# Curvelet Denoising

This numerical tour explores the use of curvelets to perform image denoising.

## Contents

## Installing toolboxes and setting up the path.

You need to download the following files: signal toolbox and general toolbox.

You need to unzip these toolboxes in your working directory, so that you have `toolbox_signal` and `toolbox_general` in your directory.

**For Scilab user:** you must replace the Matlab comment '%' by its Scilab counterpart '//'.

**Recommandation:** You should create a text file named for instance `numericaltour.sce` (in Scilab) or `numericaltour.m` (in Matlab) to write all the Scilab/Matlab command you want to execute. Then, simply run `exec('numericaltour.sce');` (in Scilab) or `numericaltour;` (in Matlab) to run the commands.

Execute this line only if you are using Matlab.

```
getd = @(p)path(p,path); % scilab users must *not* execute this
```

Then you can add the toolboxes to the path.

getd('toolbox_signal/'); getd('toolbox_general/');

## Curvelet Transform

The curvelet tight frame was introduced by Candes and Donoho to enhance the wavelet representation of geometric cartoon images. See for instance

E.J. Candès and D. L. Donoho, *New tight frames of curvelets and optimal representations of objects with piecewise-C2 singularities*, Comm. Pure Appl. Math., 57 219-266

In this tour, we use the discrete curvelet transform, detailed in

E. J. Candès, L. Demanet, D. L. Donoho and L. Ying, *Fast discrete curvelet transforms*, Multiscale Model. Simul., 5 861-899

and it uses the Curvelab implementation.

Load an image.

```
n = 256;
name = 'lena';
M = rescale(load_image(name, n));
```

Parameters for the curvelet transform.

options.null = 0; options.finest = 1; options.nbscales = 4; options.nbangles_coarse = 16; options.is_real = 1; options.n = n;

Perform the transform.

MW = perform_curvelet_transform(M, options);

Display the transform.

clf; plot_curvelet(MW, options);

One can perform a non-linear approximation of the image by thresholding the curvelet coefficients.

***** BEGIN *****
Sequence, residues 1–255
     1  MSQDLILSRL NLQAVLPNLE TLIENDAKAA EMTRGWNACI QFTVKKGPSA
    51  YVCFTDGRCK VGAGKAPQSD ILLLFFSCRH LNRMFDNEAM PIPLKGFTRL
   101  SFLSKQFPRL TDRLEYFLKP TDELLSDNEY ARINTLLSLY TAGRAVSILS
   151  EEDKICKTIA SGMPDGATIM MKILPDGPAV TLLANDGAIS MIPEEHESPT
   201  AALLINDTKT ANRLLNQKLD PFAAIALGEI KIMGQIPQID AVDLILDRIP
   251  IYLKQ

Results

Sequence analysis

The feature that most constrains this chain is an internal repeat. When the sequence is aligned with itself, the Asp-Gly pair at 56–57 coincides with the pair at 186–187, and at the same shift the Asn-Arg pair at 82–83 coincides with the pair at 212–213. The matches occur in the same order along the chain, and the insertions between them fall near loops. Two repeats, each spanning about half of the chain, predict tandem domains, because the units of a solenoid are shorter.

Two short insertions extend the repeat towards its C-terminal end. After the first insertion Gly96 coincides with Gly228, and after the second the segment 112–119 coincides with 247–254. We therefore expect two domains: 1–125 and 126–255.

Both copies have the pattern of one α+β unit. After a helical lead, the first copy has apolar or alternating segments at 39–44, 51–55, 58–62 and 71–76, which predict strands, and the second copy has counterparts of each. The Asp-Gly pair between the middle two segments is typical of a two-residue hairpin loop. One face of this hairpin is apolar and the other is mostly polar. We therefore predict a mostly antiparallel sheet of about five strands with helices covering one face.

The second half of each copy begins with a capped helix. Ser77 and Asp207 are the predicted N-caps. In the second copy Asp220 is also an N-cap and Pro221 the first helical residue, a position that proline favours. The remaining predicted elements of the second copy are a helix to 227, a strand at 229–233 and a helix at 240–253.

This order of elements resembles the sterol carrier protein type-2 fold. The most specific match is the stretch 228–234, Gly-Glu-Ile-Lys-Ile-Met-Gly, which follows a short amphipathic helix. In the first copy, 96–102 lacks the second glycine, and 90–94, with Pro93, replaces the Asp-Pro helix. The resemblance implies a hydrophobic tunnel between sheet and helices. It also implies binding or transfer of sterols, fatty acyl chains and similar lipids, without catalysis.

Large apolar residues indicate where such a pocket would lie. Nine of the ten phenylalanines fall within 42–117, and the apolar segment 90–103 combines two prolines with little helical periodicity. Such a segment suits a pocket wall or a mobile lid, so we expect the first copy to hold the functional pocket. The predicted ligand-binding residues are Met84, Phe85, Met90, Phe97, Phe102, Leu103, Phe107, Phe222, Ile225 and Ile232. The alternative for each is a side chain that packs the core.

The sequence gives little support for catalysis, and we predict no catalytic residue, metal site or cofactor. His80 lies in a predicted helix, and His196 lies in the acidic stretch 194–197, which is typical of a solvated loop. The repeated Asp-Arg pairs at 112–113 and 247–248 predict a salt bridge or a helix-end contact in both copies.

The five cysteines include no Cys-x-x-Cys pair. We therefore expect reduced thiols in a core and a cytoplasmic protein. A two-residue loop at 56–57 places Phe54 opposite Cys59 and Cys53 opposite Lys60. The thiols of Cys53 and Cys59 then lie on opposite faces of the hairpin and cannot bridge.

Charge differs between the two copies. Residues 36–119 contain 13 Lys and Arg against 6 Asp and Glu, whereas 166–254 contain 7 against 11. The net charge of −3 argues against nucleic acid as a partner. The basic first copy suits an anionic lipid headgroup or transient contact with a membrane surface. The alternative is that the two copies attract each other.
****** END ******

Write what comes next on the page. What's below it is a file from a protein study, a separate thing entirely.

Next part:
```
T = .2;
MWT = perform_thresholding(MW, T, 'hard');
```

One recovers the approximated image by using the inverse curvelet transform.

M1 = perform_curvelet_transform(MWT, options);

Display the approximation. Note that is not the best non-linear approximation since the curvelet tight frame is not an orthogonal basis.

clf; imageplot(M, 'Original', 1,2,1); imageplot(clamp(M1), 'Approximated', 1,2,2);

## Denoising with the Curvelet transform

Curvelet thresholding is useful to perform denoising.

We load a sub-set of the lena image.

```
name = 'lena';
n = 128;
M0 = rescale(crop(load_image(name),n, [108 200]));
options.n = n;
```

Add some noise.

sigma = .05; M = M0 + sigma*randn(n);

*Exercice 1:* (the solution is exo1.m) Compute the best threshold to minimize the denoising error in curvelets. Call `Mcurv` the optimal denoising.

exo1;

Display.

clf; imageplot(clamp(M), 'Noisy', 1,2,1); imageplot(clamp(Mcurv), ['Denoised, SNR=' num2str(snr(M0,Mcurv),3) 'dB'], 1,2,2);

*Exercice 2:* (the solution is exo2.m) Perform cycle spinning to enhance the recovery error.

exo2;

Display.

clf; imageplot(clamp(M), 'Noisy', 1,2,1); imageplot(clamp(Mcurv), ['Denoised, SNR=' num2str(snr(M0,Mcurv),3)], 1,2,2);

*Exercice 3:* (the solution is exo3.m) Compare with translation invariant hard thresholding.

exo3;

## Inverse Problem Regularization

L1 sparsity in curvelets can be used to regularize inverse problems.

*Exercice 4:* (the solution is exo4.m) Applies curvelet iterative thresholding to solve an inverse problem such as inpainting, deconvolution or compressed sending.

exo4;